India’s first solar observatory Aditya-L1 reaches it destination of Sun’s final orbit

“India creates yet another landmark. India’s first solar observatory Aditya-L1 reaches it destination. It is a testament to the relentless dedication of our scientists in realising among the most complex and intricate space missions. I join the nation in applauding this extraordinary feat. We will continue to pursue new frontiers of science for the benefit of humanity.” – Narendra Modi

Aditya-L1, the inaugural mission by the Indian Space Research Organisation (ISRO) aimed at solar study, reached its designated orbit on Saturday (Jan 6), concluding its ambitious journey that commenced over four months ago from ISRO’s Sriharikota launchpad.

This nearly 1,500 kg satellite, developed at a cost of $50 million will serve as India’s primary space-based observatory dedicated to studying the sun from a distance of approximately 1.5 million kilometres away from Earth.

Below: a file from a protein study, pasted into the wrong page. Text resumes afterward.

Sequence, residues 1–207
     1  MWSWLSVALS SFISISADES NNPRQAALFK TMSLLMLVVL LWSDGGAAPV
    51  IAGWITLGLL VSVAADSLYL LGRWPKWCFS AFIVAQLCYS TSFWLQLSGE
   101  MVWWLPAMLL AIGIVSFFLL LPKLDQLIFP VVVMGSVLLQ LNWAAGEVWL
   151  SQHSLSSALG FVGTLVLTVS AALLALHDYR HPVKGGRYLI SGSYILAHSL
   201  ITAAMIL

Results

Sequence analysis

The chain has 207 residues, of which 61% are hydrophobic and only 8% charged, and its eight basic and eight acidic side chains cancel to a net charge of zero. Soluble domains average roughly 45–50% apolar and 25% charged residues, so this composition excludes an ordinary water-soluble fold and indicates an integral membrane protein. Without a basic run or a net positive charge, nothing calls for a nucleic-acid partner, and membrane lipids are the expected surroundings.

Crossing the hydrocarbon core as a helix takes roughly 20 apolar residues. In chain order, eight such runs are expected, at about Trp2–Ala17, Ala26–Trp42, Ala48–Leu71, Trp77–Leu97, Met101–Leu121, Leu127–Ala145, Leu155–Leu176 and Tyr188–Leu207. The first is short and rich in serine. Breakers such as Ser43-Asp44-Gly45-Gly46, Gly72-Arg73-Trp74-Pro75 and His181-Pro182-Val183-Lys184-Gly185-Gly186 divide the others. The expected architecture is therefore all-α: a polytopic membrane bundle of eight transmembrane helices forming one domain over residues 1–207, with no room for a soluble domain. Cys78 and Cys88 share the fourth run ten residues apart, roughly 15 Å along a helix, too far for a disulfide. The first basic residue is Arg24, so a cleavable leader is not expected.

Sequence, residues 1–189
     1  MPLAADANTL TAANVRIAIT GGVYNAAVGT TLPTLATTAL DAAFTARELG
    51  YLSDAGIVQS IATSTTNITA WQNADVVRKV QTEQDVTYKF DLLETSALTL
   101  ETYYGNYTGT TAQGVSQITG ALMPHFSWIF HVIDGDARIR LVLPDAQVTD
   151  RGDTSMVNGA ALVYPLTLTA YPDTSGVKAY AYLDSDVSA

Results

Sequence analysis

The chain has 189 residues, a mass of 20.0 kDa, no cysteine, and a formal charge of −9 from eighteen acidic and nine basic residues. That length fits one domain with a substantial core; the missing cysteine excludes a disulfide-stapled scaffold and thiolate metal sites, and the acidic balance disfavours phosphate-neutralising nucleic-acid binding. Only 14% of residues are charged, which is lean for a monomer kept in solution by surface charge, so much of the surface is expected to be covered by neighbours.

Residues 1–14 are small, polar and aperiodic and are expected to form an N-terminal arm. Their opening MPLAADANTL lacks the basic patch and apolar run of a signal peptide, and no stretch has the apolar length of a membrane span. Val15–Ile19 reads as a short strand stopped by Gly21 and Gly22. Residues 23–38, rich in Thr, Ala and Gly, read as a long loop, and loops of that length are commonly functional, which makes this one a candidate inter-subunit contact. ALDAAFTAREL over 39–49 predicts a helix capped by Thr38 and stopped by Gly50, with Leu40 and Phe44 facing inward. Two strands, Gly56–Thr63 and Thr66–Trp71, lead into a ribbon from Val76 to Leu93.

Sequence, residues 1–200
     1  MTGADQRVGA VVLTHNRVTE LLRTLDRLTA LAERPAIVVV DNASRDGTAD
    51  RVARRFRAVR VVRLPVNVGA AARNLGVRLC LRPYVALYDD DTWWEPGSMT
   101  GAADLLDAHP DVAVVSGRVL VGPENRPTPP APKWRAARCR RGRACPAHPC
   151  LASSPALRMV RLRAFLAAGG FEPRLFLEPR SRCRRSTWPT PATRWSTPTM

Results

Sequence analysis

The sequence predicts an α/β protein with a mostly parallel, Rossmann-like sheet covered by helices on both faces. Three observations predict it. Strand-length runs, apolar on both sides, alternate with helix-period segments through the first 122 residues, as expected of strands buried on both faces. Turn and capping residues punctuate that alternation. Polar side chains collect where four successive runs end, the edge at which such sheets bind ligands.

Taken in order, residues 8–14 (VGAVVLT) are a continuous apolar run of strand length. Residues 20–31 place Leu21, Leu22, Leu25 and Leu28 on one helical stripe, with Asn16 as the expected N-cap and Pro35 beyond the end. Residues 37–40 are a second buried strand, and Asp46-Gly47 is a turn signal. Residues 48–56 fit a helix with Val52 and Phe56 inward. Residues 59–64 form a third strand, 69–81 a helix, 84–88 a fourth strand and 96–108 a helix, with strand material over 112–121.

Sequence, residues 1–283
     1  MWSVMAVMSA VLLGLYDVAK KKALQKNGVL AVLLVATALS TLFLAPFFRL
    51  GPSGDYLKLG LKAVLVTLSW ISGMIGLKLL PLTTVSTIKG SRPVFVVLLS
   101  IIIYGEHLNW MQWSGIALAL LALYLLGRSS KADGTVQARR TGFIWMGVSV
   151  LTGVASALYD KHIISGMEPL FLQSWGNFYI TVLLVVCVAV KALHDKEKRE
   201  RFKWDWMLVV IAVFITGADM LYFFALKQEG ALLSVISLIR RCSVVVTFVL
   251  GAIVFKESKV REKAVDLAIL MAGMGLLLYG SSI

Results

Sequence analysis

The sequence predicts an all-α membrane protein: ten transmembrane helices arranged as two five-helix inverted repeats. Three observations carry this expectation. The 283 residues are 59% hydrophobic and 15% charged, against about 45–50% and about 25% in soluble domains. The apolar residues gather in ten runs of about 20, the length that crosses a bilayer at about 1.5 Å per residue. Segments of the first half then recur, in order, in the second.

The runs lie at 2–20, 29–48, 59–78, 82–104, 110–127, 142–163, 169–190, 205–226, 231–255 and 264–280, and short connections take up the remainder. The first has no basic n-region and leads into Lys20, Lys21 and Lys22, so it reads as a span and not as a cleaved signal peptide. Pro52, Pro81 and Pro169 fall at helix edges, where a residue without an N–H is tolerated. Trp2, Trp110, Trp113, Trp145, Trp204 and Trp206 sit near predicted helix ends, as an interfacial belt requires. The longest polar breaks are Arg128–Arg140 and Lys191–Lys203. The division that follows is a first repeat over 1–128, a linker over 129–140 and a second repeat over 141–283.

Positioned in a halo orbit encircling Lagrange point 1 (L1) at approximately 4 pm, the chosen final insertion point offers a strategic advantage. This orbit remains unaffected by eclipses, allowing uninterrupted observation of the Sun.


Investigate the dynamics of the solar upper atmosphere, specifically the chromosphere and corona.
Explore the heating processes in the chromosphere and corona, examine the physics of partially ionised plasma, understand the initiation of coronal mass ejections, and study solar flares.
Observe the in-situ particle and plasma environment, providing valuable data for analysing particle dynamics originating from the sun.
Examine the physics of solar corona and its heating mechanisms.
Perform diagnostics on the plasma of coronal loops, including temperature, velocity, and density measurements.
Investigate the development, dynamics, and origin of Coronal Mass Ejections (CME).
Identify the sequence of processes occurring at various layers (chromosphere, base, and extended corona) leading to solar eruptive events.
Study the magnetic field topology and obtain measurements of the magnetic field in the solar corona.
Explore the origin, composition, and dynamics of solar wind, aiming to understand the drivers for space weather.
(With inputs from agencies)